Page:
Category Archives: C4CC

Embedding co-production at all levels of care

Margaret DangoorMargaret Dangoor, member of C4CC’s co-production group shares her experiences of helping to deliver co-production at a local level in celebration of national co-production week (2-6 July 2018) #coproweek.

In all the fanfare around the 70th anniversary of our wonderful NHS, it may have been easy to miss that it’s also been National Co-Production Week.

In PR terms, it could indeed be seen as an unfortunate clash, but as someone who has been promoting the principles of co-production on both a national and local level for a number of years, I take the opposite view.

If the NHS and our social care services are to continue to prosper and improve for the next 70 years and beyond then we need to firmly embed the principles of co-production at all levels of care.

It’s a model for the future and I’m heartened to see that it is gaining traction within NHS England and in many different local authority areas.

I have been actively involved for nearly 30 years in the London Borough of Richmond upon Thames. Initially I was involved in the community and voluntary sector, then focused on the development and chairing of statutory patient participation groups.  On becoming a carer for my husband who developed Alzheimer’s disease I became particularly involved with representing the voice of users and carers within the local NHS and borough health and social care services, whether at strategic level, influencing commissioning – or monitoring provision.  I am also currently chair of a local health centre’s patient and public involvement forum.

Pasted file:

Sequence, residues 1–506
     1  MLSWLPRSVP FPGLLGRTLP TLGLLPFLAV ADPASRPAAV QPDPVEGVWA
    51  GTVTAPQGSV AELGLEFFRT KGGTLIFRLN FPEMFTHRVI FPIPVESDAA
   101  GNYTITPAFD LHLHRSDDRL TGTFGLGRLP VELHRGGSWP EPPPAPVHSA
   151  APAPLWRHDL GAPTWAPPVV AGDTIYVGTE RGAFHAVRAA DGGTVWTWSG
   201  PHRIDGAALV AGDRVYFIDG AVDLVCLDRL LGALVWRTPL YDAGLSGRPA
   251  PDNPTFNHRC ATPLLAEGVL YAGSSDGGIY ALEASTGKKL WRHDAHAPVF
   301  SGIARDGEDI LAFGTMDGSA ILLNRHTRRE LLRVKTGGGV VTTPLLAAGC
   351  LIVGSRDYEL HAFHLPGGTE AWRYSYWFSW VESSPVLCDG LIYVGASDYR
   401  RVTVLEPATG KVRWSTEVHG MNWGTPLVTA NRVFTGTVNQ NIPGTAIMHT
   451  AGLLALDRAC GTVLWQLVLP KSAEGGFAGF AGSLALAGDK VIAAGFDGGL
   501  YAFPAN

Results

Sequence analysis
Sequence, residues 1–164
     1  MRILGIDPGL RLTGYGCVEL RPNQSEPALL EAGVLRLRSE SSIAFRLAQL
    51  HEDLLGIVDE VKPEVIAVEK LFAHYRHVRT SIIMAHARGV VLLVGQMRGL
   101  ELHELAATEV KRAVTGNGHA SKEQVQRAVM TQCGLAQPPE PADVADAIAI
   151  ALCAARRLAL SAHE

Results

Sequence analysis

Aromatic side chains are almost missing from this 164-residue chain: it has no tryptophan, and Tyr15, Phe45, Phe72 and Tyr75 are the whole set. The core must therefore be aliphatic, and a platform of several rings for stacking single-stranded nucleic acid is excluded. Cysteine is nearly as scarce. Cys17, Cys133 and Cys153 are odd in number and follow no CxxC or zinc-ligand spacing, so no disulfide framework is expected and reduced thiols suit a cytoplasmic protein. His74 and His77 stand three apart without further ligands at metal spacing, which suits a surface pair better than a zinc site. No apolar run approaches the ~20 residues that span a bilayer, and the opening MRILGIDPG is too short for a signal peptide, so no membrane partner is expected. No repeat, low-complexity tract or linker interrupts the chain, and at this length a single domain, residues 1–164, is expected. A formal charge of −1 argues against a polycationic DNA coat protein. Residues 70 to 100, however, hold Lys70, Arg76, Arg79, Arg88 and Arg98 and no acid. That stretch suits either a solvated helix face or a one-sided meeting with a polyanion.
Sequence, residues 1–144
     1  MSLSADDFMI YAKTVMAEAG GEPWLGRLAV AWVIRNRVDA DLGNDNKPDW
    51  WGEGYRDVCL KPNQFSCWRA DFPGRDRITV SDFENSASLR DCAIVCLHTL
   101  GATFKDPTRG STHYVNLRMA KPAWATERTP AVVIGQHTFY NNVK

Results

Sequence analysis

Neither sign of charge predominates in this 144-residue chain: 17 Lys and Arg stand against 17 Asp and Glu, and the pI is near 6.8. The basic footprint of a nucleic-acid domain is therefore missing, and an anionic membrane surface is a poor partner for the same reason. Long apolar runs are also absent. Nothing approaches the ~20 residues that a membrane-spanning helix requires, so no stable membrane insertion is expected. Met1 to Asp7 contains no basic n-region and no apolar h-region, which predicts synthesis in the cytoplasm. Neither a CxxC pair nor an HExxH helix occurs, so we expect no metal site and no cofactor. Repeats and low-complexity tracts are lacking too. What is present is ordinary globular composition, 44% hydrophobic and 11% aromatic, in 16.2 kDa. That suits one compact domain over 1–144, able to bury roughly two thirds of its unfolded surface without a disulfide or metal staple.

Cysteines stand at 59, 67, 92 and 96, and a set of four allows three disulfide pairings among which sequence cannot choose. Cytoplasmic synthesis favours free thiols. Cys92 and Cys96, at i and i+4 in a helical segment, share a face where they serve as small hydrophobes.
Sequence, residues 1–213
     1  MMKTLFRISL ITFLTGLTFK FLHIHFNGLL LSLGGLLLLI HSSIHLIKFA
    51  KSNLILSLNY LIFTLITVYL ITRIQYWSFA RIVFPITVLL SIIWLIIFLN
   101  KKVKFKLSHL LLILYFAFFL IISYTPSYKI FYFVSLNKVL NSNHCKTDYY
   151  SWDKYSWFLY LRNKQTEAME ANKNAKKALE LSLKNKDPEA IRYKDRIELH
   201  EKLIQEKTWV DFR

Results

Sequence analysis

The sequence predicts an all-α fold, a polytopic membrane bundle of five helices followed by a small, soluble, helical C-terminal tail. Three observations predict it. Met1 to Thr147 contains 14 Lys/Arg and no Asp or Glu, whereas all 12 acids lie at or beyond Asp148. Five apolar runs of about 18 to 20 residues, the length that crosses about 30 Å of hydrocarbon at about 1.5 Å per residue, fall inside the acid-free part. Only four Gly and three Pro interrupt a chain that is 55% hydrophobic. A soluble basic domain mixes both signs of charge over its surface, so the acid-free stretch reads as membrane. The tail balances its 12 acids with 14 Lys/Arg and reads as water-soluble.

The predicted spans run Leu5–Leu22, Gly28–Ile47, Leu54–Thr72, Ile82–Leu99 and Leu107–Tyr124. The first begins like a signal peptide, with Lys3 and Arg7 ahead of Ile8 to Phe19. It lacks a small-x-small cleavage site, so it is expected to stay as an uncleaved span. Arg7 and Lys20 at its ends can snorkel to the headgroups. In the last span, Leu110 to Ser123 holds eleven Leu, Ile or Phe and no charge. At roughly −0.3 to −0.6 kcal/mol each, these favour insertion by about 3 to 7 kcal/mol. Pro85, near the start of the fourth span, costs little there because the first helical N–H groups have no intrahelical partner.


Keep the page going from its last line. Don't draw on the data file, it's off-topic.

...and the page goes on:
I’m pleased to say that Richmond was an early adopter of co-production several years ago and marked the national week with publicity around the work that is being carried out, particularly with carers.

“Involving the users of care and support services, and their families and carers in making decisions about how their care is delivered empowers them to be able to live full, independent lives,” was a quote from Cllr Piers Allen, Cabinet Member for Adult Services and Health.  I cared for my husband Eddie for many years until he sadly passed away in January of this year and was grateful for good local support, particularly a specialist dementia day centre and a Caring Café supported by the local authority.

From personal experience, I found that being able to have a say and being listened to is so important in end of life care. Properly planning for the final few weeks, in liaison with the family GP practice, when medical intervention was limited but supportive was so beneficial.

Following a short stay in hospital and discharge, we made a conscious decision that it was not in my husband Eddie’s best interest and agreed a plan as to how he would see out his final days in the community, with compassionate care and dignity.

I firmly believe that having a good death is an important part of having a good life, and the principles of co-production are so relevant in this area.